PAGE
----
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Program Notes & Synopses

Enhance your patrons’ experience with notes that highlight the music’s humanity and illuminate its depth. Choose from our wide selection of pre-written pieces or commission custom notes that complement your concert story.

Program Notes & Synopses

Enhance your patrons’ experience with notes that highlight the music’s humanity and illuminate its depths.

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Dvořák: Symphony No. 8

Dvořák: Symphony No. 8

25.00

281 words. (Recommended companion note: The Sound of the Czechs)
program notes by Chris Myers

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Copyright © 2016 Chris Myers. All rights reserved. Unauthorized distribution or reproduction prohibited.

Symphony No. 8 in G major, op. 88, B. 163
Antonín Dvořák (1841-1904)
2 flutes (doubling piccolo), 2 oboes (doubling English horn), 2 clarinets, 2 bassoons, 4 horns, 3 trombones, tuba, timpani, strings

Composed 1889. First performance: February 2, 1890, Prague. Antonín Dvořák, conductor.

I. Allegro con brio
II. Adagio                                                
III. Allegretto grazioso – Molto vivace
IV. Allegro ma non troppo

In Bohemia, the trumpets never call to battle. They always call to the dance.
— Rafael Kubelik

Antonín Dvořák composed the Eighth Symphony at his summer retreat in celebration of his admission to the Prague Academy. The composer wanted to produce “a work which is different from the other symphonies, with individual ideas worked out in a new way.”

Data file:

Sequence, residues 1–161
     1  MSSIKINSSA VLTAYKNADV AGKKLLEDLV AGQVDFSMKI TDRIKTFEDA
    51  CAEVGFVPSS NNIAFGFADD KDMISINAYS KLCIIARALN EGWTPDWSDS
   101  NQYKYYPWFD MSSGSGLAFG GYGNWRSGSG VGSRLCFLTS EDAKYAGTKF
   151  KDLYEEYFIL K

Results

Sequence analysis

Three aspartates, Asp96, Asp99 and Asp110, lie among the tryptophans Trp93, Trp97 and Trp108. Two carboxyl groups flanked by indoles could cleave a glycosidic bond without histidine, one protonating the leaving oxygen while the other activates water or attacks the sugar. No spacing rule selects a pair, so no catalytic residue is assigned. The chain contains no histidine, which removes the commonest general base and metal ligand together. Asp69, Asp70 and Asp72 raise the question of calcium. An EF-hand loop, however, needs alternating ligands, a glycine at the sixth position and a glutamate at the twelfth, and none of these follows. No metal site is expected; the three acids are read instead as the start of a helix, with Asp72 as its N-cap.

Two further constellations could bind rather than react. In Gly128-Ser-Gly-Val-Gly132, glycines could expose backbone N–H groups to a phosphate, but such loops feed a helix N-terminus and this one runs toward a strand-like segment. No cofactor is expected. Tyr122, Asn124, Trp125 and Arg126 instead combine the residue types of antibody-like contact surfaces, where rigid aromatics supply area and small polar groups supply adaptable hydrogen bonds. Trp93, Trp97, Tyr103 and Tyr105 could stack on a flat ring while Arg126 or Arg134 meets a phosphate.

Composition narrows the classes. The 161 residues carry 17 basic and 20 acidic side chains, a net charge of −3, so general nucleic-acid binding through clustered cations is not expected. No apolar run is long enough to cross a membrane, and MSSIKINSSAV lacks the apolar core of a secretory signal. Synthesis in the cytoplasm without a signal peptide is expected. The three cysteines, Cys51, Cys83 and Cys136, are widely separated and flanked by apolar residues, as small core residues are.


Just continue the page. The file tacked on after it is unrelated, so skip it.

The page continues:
In seeking this “new way”, Dvořák backed away from the more rigid logic of his German symphonic training and produced a linear, free-flowing work that sounds almost improvisatory at times. The influence of his beloved Bohemian folk music is evident in the melodic material, as though he were filling the kettle of German symphonic form with Czech-flavored ingredients. Along the way, we encounter innovative orchestration techniques that anticipate Mahler in the way they allow melodic lines to flow uninterrupted through solo and chamber textures created from within the larger orchestral forces.

The piece begins with a movement in typical sonata form, though the themes unfold and flow into one another in an unusually natural way. A pastoral Adagio follows, introduced by a sublime string chorale that leads to a conversation between languid clarinets and birdlike flutes. A gentle waltz gives way to an energetic coda, at which point the trumpets announce the finale, calling us, as Kubelik said, to the dance!

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